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Bob Dylan Mono Box and Demos Due This Fall

Bob DylanAccording to information acquired by the Bob Dylan magazine, Isis, there are a couple of interesting Dylan projects coming up: a mono box set and a new volume of the Bootleg Series are coming this fall.

The mono box will be an eight-disc collection of his earliest albums (Bob Dylan, The Freewheelin’ Bob Dylan, The Times They Are a-Changin’, Another Side of Bob Dylan, Bringing It All Back Home, Highway 61 Revisited, Blonde on Blonde, John Wesley Harding) in their original monaural mixes which have never been released on CD.

Volume 9 of Dylan’s Bootleg Series will be a 47-song collection of his “Witmark Demos” and “Leeds Demos” that he recorded for his publisher between 1962 and 1964. Some of these were previously released on The Bootleg Series Volumes 1-3.

Bob Dylan: iTunes, Amazon, Insound, wiki

Bob Dylan – Christmas In The Heart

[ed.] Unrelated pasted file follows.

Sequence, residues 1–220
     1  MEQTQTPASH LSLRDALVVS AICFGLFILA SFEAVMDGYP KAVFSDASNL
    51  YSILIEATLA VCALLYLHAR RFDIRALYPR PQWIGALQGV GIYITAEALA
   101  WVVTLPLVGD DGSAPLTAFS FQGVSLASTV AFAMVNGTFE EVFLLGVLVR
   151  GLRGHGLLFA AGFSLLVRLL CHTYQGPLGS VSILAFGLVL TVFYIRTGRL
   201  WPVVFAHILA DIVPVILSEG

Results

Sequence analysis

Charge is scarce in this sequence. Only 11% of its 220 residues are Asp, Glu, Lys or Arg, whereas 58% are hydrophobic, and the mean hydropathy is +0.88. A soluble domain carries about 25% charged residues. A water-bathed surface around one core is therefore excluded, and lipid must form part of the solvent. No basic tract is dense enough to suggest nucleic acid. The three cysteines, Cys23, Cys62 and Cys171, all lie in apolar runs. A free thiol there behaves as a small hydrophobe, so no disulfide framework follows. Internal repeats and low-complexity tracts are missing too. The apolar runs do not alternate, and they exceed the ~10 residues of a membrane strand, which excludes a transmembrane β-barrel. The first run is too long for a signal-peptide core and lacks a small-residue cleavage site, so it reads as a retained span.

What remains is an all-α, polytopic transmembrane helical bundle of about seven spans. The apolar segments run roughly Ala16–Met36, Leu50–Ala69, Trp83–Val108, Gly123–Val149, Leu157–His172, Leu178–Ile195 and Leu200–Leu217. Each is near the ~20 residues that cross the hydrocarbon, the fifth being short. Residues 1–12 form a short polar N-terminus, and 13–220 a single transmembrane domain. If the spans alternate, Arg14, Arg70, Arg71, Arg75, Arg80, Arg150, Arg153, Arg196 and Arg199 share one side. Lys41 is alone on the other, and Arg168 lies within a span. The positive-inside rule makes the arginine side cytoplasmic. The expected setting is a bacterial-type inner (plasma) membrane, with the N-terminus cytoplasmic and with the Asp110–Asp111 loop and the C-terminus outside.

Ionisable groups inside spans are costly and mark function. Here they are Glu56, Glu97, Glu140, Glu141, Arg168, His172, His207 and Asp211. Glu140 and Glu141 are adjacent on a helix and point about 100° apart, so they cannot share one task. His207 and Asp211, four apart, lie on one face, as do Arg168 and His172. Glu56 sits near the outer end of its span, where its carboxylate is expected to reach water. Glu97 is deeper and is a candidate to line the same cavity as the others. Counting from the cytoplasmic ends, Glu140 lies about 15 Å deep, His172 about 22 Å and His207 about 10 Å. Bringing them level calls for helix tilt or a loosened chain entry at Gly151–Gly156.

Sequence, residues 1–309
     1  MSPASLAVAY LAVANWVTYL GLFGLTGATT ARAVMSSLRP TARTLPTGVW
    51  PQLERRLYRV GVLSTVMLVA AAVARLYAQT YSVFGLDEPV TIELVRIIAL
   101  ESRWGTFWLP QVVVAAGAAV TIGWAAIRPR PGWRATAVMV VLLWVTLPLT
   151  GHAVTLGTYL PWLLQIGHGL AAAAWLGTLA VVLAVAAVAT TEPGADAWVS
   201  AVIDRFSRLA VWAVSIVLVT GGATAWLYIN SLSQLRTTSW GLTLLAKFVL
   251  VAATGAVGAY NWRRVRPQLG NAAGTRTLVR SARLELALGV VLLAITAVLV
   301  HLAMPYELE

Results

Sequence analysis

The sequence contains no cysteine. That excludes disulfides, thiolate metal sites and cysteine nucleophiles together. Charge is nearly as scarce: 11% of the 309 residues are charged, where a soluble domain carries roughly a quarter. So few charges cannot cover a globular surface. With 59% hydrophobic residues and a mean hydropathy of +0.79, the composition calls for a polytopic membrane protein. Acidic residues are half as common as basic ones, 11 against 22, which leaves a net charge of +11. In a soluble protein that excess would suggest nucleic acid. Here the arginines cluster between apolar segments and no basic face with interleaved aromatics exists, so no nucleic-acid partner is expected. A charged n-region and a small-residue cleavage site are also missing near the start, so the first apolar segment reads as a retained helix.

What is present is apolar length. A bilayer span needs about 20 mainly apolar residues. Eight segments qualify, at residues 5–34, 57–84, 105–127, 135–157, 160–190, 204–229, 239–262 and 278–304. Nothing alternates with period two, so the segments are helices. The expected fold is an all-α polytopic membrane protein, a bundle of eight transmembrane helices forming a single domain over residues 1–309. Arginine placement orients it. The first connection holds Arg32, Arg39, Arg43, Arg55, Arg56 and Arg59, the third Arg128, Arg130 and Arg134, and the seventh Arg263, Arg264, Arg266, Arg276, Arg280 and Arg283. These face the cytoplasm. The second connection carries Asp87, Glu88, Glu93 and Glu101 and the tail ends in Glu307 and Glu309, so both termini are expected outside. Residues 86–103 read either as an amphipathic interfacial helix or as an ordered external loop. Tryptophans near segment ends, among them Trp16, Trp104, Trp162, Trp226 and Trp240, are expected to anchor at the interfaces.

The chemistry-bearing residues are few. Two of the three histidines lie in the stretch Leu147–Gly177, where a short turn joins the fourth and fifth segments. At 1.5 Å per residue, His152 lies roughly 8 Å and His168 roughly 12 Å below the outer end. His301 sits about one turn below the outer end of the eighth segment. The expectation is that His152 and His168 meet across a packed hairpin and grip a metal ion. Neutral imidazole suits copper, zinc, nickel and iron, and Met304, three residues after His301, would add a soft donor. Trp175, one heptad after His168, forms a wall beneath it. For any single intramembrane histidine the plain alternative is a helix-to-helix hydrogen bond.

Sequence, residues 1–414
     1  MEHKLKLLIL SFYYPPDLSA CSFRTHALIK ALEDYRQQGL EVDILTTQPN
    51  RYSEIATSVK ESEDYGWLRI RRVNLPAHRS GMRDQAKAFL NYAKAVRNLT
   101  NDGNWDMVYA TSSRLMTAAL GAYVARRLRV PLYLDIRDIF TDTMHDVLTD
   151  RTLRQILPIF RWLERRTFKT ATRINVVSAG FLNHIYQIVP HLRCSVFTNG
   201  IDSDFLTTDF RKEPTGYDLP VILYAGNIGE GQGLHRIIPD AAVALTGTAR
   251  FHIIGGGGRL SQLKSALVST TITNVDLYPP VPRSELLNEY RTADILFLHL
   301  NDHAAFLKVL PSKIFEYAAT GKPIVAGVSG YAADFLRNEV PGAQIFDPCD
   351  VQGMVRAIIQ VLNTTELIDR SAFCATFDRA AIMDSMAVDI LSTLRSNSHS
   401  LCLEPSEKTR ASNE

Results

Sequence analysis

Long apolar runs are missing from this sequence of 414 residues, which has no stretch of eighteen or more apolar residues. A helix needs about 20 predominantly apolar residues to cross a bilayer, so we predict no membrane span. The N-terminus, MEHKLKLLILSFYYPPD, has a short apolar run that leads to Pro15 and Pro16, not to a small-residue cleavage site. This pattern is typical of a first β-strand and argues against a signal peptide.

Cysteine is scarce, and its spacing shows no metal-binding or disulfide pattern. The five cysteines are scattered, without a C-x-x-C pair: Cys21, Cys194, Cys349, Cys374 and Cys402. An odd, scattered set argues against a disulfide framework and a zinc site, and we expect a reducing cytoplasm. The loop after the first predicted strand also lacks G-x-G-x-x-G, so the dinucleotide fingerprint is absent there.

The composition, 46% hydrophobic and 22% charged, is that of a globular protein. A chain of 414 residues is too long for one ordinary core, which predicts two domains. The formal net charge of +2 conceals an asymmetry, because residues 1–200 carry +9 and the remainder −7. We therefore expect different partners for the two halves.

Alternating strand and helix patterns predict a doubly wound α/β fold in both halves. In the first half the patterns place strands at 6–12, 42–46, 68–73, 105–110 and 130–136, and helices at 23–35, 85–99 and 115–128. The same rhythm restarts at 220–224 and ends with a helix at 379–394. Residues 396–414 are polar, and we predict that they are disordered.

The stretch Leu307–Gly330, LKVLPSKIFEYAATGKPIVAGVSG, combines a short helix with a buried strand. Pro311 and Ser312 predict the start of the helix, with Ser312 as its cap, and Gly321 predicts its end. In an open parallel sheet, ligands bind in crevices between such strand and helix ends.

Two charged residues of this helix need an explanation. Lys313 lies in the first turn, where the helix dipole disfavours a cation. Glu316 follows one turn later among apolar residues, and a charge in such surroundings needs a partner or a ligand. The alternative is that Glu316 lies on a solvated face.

Bob Dylan - Christmas In The HeartBob DylanChristmas In The Heart (Sony)

You will get no bigger supporter of Bob Dylan‘s vocal talent than from me. In fact, I use it as a litmus test for someone’s rock and roll IQ. His voice—regardless of the era—remains one of music’s finest interpreters, its phrasing a huge influence on vocalists even while challenging the notion of what constitutes a beautiful sounding voice.

So imagine how hard it is for me to admit that the main problem with Christmas In The Heart has nothing to do with the idea of Dylan considering an entire album of holiday material, or even with the decision to keep the arrangements close to tradition. No, the problem with Christmas In The Heart is that it sounds like it’s voiced by an inebriated uncle who just happens to be sitting on a large fortune and, because of risking a huge inheritance loss from offending him, no one has the good sense of telling Uncle Bob to sit these numbers out.

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Five from the Archive: Weir Does Dylan

WeirBob Dylan is arguably the greatest modern songwriter, and certainly the most influential. People all over the musical spectrum cover his songs. But there a special few who specialize in covering Dylan. For me, Jerry Garcia has always been the premiere Dylan interpreter. If you don’t believe me – or if you do – you should check out the Garcia Plays Dylan collection. Particularly the “Knockin’ On Heaven’s Door.”